The negative images were processed using a combination of Lightroom, Photoshop, and Silver Efex Pro. I love the feel of these images, and I believe I have been conservative in my adjustments. For those interested in the more technical elements of using this combination of programs, here is my workflow.
a) Select desired negative (I used exposure bracketing in half stop increments).
b) Rotate vertical images to upright.
c) Flip image horizontal (negative were photographed dull side / emulsion side up).
d) Straighten and crop to 5 x7 ratio.
a) Invert (Ctrl-I) – ie convert to positive.
b) Size image to consistent size for the set.
c) Save a copy
a) Remove Haze.
b) Adjust the curve.
4 Silver Efex Pro
a) Make Adjustments.
b) Save a copy.
a) On a duplicate layer, use new “Neural Filter” to soften complexion as these old negatives have emulsion cracking and imperfections that are particularly noticeable in the face.
b) Combine layers using luminosity blend mode (seems to work better than lighten).
c) Add Adjustment curve if necessary.
d) Remove spots and imperfections where they are particularly distracting. The glass slides could not be cleaned.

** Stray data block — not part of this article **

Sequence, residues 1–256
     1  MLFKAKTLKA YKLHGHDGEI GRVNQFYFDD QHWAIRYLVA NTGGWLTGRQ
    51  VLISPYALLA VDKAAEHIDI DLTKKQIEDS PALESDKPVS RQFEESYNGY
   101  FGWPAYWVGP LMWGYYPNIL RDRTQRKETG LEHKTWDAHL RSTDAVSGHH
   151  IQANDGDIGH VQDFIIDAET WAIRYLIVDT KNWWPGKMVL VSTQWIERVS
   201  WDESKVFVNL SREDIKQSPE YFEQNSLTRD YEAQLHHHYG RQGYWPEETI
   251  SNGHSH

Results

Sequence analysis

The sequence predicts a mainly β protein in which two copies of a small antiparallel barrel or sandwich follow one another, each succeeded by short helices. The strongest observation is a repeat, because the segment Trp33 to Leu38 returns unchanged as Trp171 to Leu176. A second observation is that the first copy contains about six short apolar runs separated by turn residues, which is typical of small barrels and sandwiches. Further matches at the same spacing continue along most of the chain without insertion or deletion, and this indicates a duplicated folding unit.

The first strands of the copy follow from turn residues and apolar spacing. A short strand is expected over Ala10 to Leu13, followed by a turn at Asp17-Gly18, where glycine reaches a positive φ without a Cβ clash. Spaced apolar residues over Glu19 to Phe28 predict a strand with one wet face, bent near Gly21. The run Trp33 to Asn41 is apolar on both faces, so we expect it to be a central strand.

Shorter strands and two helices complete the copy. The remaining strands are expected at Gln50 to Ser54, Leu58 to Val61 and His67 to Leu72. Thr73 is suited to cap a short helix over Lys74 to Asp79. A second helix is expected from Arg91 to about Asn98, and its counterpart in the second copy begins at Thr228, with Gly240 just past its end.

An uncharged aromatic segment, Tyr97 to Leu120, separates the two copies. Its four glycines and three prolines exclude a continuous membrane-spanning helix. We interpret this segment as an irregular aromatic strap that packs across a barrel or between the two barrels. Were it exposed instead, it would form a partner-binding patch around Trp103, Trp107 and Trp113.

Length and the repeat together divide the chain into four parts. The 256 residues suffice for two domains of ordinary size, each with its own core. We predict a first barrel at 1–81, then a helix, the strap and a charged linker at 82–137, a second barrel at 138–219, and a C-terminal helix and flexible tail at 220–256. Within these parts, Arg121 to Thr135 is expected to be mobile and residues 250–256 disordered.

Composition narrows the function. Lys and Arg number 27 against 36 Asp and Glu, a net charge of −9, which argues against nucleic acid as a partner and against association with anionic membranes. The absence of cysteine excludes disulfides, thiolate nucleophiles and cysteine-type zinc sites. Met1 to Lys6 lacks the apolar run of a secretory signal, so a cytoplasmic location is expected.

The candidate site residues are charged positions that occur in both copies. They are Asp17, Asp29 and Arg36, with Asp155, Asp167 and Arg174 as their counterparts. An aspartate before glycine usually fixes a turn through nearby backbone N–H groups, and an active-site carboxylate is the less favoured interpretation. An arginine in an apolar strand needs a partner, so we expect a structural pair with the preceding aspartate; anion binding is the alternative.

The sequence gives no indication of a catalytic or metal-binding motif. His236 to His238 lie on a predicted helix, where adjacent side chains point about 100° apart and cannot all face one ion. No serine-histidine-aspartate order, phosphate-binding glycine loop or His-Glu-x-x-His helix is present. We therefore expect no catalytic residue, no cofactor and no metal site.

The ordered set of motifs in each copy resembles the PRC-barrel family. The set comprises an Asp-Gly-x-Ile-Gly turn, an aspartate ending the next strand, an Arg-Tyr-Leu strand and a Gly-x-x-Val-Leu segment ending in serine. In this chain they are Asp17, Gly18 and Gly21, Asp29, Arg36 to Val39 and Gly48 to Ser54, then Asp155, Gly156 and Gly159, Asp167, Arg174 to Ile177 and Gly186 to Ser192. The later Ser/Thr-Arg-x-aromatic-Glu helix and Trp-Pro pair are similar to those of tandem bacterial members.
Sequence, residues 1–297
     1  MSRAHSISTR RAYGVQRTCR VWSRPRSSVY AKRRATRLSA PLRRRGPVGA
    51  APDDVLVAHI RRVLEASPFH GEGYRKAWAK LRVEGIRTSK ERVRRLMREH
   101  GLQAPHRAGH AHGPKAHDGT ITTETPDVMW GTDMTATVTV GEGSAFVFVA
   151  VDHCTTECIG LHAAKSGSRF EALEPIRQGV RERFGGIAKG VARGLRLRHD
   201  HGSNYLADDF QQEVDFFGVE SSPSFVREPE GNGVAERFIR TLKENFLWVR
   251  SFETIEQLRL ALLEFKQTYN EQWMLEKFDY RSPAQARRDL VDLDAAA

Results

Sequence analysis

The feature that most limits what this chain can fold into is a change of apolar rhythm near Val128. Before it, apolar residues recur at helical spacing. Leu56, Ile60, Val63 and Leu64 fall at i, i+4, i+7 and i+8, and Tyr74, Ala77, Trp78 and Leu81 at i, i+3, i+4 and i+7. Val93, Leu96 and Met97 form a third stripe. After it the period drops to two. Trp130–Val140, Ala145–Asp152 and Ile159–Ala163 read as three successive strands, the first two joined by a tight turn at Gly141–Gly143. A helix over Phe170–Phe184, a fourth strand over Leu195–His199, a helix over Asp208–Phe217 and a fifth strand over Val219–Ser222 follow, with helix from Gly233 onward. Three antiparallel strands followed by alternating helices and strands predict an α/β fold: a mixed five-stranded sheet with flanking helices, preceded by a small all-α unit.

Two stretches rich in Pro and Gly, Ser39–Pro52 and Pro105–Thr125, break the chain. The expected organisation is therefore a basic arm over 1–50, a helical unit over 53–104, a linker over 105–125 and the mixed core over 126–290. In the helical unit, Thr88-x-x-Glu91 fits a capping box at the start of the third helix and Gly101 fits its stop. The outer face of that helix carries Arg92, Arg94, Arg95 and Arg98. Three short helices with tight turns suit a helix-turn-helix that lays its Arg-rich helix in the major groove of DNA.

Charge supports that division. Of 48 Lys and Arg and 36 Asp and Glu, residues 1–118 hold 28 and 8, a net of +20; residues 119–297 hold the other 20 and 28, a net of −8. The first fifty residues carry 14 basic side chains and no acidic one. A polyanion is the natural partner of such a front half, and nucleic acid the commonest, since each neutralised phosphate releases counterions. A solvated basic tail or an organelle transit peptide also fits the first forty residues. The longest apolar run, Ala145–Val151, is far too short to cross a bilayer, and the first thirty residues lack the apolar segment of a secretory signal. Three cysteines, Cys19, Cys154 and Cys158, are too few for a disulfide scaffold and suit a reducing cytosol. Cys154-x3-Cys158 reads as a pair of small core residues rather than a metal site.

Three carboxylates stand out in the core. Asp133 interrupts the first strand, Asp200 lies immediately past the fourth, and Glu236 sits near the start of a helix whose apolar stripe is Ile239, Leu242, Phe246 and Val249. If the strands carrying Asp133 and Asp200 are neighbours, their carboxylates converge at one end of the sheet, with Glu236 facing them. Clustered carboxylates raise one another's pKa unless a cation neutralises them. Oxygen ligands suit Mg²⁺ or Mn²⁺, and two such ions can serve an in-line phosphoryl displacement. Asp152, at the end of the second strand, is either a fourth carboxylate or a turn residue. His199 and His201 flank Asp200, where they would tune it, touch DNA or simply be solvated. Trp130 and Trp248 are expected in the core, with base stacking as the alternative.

e) Add my standard border through existing personal photoshop action.
f) Save a copy.
a) Reduce clarity and contrast if necessary to ensure my touch looks light. In other words soften the above changes if they were too harsh.
b) Done except for the export.
FYI: As you are scrolling through the images please note that you can click on any image and see the image with a nice dark background and no annoying band across the top. As well most of my photographs are best viewed on a monitor
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Please come back Friday (March 24) for a tale about an owl and a love affair.
Sources and References
The Imperial Dry Plate Co. Ltd. factory was at Cricklewood, London, N.W.2. It was founded in the early 1890s by J.J. Acworth (b. 1853, d. 1827). In 1918 it became part of the Ilford group but still retained its own branding.
Imperial plates were exported world-wide. Their advertisements were published in the BJA from 1909 to 1938. In a 1920 advertisement there were 10 types of plates listed and they claimed that “their ease of working is a proverb”. The range included Panchromatic, Orthochrome, Flashlight, Process, “Gaslight Lantern” and X-Ray.
A Further history of the Imperial Dry Plate Co. Ltd can be found in source 3
(3) Imperial Dry Plate Co. Ltd – History of The Founders.
(5) George Eastman,
(6) Queen Victoria
(7) Women’s Hats
(8) Brief History of Women’s Riding Hats
(9) Bowler Hat
(10) Edwardian Era
(11) Regency Era and Architecture,
All rights for all material on any media reserved – © Sean P Drysdale 2020-2023